"If we were in the 1700's we'd probably be burned at the stake," laughs Godflesh guitarist/vocalist Justin Broadrick. Less than 12 hours ago, he had been covered in cow's blood for a sequence in the closing scene for the band's "Crush My Soul" video. Shot by controversial photographer Andres Serrano, who insisted on using real blood, the video bluntly sums up the group's visceral artistic vision.
"I feel that music should hit you full on in every way imaginable," says Broadrick, "If it's a passive experience, I don't want to know about it."
There's nothing passive about the way Godflesh mix dense, sludgy riffs and piercing slivers of feedback w/ bloated basslines, barked vocals and battering-ram drum machines. Since 1988, the band have been instrumental in shaping the apocalyptic course of industrial metal, inspiring a legion of imitators along the way. But while Godflesh are undeniably heavy and oppressive, Broadrick insists the ban's music is not malevolent. "What we do isn't about crushing people, it's about being crushed," he says. "To me, the world is absolutely overwhelming. I feel like a scared, withered, tiny individual, and sometimes we like to remind people how insignifican we all are."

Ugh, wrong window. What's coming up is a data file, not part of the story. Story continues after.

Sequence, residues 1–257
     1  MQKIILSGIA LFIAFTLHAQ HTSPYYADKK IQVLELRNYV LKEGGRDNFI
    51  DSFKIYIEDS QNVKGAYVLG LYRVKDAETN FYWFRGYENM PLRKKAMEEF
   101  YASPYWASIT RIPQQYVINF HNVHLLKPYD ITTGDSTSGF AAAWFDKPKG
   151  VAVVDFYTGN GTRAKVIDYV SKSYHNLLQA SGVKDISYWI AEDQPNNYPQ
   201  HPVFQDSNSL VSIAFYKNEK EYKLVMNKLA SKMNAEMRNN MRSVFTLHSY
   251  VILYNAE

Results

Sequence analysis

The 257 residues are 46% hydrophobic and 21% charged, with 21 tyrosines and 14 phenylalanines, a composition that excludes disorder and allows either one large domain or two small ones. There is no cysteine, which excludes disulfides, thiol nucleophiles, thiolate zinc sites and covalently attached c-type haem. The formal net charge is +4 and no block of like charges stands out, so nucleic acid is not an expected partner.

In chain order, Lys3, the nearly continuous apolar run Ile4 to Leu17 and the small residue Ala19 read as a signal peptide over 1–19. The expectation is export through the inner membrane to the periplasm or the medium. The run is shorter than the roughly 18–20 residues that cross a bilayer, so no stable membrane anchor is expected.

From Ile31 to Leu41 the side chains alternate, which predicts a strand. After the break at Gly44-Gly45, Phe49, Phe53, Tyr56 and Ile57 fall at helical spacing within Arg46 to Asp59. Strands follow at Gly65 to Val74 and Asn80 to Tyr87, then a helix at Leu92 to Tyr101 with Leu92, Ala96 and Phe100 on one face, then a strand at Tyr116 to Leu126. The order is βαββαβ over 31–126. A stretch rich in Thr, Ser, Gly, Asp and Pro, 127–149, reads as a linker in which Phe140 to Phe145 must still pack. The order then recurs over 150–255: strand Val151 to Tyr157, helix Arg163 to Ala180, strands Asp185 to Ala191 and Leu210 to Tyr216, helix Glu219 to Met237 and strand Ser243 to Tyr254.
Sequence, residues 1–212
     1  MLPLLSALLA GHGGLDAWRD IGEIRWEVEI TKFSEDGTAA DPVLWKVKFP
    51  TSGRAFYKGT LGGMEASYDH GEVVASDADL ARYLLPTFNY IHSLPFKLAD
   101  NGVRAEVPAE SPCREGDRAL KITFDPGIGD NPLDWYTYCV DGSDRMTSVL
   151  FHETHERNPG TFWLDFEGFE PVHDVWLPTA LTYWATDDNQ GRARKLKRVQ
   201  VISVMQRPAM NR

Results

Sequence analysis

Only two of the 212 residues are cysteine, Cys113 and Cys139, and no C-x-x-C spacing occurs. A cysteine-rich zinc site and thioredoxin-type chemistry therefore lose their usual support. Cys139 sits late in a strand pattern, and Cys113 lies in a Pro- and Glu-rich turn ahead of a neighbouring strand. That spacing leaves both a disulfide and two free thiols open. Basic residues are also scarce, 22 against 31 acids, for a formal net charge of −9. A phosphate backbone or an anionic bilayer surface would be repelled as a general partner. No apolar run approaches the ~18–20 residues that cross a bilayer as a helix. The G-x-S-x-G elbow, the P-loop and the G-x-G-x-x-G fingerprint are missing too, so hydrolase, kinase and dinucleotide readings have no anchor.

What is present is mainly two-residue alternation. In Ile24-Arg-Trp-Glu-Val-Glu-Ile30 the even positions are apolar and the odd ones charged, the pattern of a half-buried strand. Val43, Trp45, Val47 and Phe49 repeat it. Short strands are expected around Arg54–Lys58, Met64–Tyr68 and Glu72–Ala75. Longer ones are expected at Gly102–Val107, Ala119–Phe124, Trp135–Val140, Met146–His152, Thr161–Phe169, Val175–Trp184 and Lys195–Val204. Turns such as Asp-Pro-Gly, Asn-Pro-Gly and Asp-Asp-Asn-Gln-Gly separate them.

Godflesh's new album, Selfless, is raw and savage, spitting out clipped bursts of mechanized noise w/ brute efficiency. It's trudging rhythms and repetitive riffs are also strangely intoxicating. "There's a real beauty to brutality," explains Broadrick. "Even the most graphic violence can be beautiful if it's presented in an artistic way."